Health Programs

Health Programs

The NAACP is committed to eliminating the racial and ethnic disparities in our health care system that plague people of color in the United States. African Americans continue to have the highest incidence, prevalence and mortality rates from chronic diseases like cardiovascular disease, diabetes and obesity. Additionally issues like HIV and infant mortality have continued to overwhelm the Black community. Systemic imbalances in the health care delivery system disproportionately affect African Americans and Latinas more than their White counterparts.

The NAACP’s national health agenda includes a four-tiered approach to improving the health and well being of African American families and families of color:



Meet Our Staff:

Dr. Marjorie Innocent, Sr. Health Director
Office: (410) 580-5652

Rev. Keron Sadler, Health Programs Manager
Office: (410) 580-5619

Tabatha Magobet, Health Programs Specialist
Office: (410) 580-5682

Bernadette Onyenaka, Health Programs Specialist
Office: (410) 580-5663

Blog Posts

Increasing Physical Activity for All Kids:  What We’ve Learned

What can we do to make physical activity a part of all kids' everyday experience?

Love First: The Need for a Renewed Focus in the Black Church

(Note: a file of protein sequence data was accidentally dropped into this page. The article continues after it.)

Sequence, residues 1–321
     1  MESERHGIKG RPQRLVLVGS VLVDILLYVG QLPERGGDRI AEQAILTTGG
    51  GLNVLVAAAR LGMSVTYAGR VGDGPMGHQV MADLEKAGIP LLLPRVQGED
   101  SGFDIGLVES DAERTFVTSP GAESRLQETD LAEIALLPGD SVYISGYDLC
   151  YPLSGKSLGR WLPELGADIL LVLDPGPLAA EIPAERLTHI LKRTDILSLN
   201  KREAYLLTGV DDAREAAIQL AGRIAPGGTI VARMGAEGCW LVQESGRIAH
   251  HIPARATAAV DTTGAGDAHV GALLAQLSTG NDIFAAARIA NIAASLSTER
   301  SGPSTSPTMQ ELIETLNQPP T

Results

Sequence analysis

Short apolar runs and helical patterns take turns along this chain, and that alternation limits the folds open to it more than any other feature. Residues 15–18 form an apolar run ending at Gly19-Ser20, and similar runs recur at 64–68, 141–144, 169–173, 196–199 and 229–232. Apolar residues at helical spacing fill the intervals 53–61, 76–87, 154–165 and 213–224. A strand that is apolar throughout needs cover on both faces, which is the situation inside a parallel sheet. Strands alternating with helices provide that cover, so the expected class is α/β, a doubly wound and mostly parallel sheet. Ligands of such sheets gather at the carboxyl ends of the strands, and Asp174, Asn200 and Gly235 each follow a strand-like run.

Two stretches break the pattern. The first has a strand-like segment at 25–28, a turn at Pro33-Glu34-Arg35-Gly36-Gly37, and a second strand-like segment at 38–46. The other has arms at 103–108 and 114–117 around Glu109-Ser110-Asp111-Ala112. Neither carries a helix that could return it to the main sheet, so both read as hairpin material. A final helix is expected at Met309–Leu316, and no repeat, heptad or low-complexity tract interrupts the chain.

The mission of The Black Church and HIV: The Social Justice Imperative initiative is not to change what people believe. It is to reframe the HIV epidemic as a social justice issue, because current HIV disparities are the result of social inequities in American society and health care that affect individual behaviors and outcomes.

Uniting For Change: The Power of Numbers among African Americans

Each year, the NAACP inspires and encourages African-American faith leaders to unite on the Day of Unity to address the HIV epidemic in their communities while creating a network of knowledge and action around HIV as a social justice issue.

2016 NAACP Health Luncheon: Increasing Diversity in Clinical Trials

Please join the NAACP Health Department and Edith P. Mitchell, MD, FACP, at the NAACP 107th Annual Convention as we discuss the barriers to African Americans participation in clinical research, and how lack of diversity impact diagnosis and care for people of color.